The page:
Over the last two decades, much research has been published about the positive impact of forgiveness, particularly on the forgiver and in relationships. Now, a new study—building on a smaller but growing body of research in the workplace—supports the power of forgiveness to potentially improve well-being and productivity in professional settings.
Conflict among colleagues is inevitable, and—left unheeded—associated with significant stress, health problems (both mental and physical), and poor productivity. Researchers set out to explore the role of forgiveness in ameliorating these negative impacts.
The participants—more than 200 employees working in office jobs in Washington, DC, or manufacturing jobs in the Midwest—responded to questionnaires about their levels of forgiveness, productivity, and well-being.
The first survey asked respondents to focus on a specific offense, and how they believed it affected them. The second study looked at participants’ general tendency to be forgiving and their general state of mind and work habits over the previous month.
In both cases, forgiveness was linked to increased productivity, decreased absenteeism (fewer days missing work), and fewer mental and physical health problems, such as sadness and headaches. In the second study, these benefits were partly explained by reductions in interpersonal stress that went along with a forgiving disposition.
This new research is important to employees and employers alike, as a lack of forgiveness negatively affects the individuals involved and organizations as a whole. Holding on to negative feelings after a conflict may lead to disengagement at work, a lack of collaboration, and aggressive behavior. Carrying a grudge is also associated with increased stress and a host of negative emotions, including anger, hostility, and vengeful rumination.
Since many people who have been in conflict need to continue to work together, forgiveness can be an effective coping tool, and a way to repair relationships and restore trust—both of which are key to effective work cultures.
In 2012, my team at Courageous Leadership LLC worked with employees at Google to build a more courageous culture, including the courage to forgive (one of the keys to healthy ongoing work relationships). We had employees share times when they failed to act on their values at work, to admit they didn’t understand something, or to speak up when they thought they had a better idea. This was designed to remind everyone how easy it is to act outside of our values in stressful situations—to do something that might merit forgiveness.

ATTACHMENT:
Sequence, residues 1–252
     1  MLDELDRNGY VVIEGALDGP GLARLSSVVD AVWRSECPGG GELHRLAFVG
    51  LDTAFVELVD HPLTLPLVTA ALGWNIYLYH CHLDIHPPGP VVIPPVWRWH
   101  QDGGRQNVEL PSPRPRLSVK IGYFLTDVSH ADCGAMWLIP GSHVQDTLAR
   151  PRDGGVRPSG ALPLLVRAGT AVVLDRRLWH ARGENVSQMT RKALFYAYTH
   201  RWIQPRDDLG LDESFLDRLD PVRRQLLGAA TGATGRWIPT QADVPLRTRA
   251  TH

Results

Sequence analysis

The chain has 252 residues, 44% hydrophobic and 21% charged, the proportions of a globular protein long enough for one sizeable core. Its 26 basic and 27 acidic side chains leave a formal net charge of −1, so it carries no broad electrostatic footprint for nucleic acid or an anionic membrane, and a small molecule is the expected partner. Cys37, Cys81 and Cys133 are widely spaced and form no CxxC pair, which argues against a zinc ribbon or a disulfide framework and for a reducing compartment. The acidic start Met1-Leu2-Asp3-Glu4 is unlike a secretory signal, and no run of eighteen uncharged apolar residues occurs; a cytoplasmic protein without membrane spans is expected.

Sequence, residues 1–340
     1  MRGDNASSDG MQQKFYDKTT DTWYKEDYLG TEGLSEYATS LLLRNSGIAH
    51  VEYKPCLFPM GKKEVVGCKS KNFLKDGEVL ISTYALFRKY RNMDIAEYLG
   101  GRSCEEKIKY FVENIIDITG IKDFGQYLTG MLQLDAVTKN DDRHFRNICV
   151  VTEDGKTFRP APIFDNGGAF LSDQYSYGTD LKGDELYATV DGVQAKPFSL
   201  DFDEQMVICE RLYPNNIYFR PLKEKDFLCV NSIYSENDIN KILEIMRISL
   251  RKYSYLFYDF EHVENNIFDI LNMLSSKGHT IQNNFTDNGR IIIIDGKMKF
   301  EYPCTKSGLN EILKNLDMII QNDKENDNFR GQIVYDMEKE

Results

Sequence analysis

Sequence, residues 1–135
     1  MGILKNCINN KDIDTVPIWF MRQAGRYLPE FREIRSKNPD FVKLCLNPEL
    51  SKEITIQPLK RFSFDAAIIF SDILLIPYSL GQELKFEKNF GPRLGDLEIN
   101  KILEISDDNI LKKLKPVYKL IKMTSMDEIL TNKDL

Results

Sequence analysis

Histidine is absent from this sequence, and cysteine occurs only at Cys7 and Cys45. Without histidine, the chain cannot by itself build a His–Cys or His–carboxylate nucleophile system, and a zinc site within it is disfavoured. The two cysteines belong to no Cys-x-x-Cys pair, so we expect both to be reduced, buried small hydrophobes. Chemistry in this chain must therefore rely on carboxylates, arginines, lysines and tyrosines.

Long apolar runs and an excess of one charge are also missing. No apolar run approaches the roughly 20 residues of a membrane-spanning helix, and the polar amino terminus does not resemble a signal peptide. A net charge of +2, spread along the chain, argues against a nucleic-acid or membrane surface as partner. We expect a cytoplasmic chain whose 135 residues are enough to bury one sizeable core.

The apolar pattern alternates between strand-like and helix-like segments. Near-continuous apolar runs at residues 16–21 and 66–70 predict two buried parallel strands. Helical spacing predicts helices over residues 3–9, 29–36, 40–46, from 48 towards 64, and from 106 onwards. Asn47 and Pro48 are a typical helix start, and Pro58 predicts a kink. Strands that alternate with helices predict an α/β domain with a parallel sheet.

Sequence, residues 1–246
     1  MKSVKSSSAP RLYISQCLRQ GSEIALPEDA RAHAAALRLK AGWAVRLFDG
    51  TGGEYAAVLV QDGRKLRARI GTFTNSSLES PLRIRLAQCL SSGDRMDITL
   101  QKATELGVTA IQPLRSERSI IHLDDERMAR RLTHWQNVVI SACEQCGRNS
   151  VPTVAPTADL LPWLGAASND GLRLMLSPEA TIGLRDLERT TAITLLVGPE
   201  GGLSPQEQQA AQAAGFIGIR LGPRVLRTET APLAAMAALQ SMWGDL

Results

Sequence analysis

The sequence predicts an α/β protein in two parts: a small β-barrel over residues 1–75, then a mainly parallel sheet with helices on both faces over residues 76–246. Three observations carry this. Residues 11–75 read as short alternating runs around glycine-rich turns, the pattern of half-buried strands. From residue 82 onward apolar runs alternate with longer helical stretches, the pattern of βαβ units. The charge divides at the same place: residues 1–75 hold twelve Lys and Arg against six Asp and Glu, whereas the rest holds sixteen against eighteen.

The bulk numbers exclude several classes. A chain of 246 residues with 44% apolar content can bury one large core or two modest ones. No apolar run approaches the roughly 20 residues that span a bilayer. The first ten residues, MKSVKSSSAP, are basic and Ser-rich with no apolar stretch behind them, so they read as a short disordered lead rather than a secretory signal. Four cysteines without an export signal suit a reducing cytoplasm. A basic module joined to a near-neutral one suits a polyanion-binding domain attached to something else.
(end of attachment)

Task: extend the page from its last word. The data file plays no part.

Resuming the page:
Participants then practiced taking courageous action. We had them use the REACH model (developed by Everett L. Worthington, one of the coauthors of the new workplace study) to practice forgiveness by identifying current grudges and work on forgiving (not condoning) the behavior. Participants also remembered and shared when others had forgiven them.
Our program also showed positive impact. Participants reported a greater understanding of the power of stressful situations to negatively affect behavior. They also reported feeling better and more connected afterward; as one noted: “I had a deepened sense of lightening inside, like letting go of heavy weights. I feel the forgiveness exercise for me was very powerful.” Participants also took more social risks, like offering new ideas, admitting fears or concerns, and asking for or offering help.
Research shows that this kind of forgiveness can even impact employees who aren’t involved in the conflict. When people see others practicing forgiveness (and other virtuous behaviors) at work, it often fosters positive emotions that can improve decision-making, cognitive functioning, and the quality of relationships.
Unresolved stress from interpersonal conflict often dampens our cognitive and compassionate capacities, making it hard to find a way to forgive. Drawing on the implications of their study, the researchers offer individuals and organizations some suggestions to foster forgiveness at work:
There’s an old saying (attributed to everyone from the Buddha to Carrie Fisher) that goes, “Resentment is like taking poison and waiting for the other person to die.” If you’re holding onto a grudge at work, you could be sharing the poison with your colleagues.
Forgiveness, of course, does not mean we condone or ignore bad behavior. Every workplace should have policies and procedures for dealing quickly with serious transgressions. However, if you do feel ready and the situation warrants it, give forgiveness a try. It could help you, your colleagues, and your workplace.
Originally published at greatergood.berkeley.edu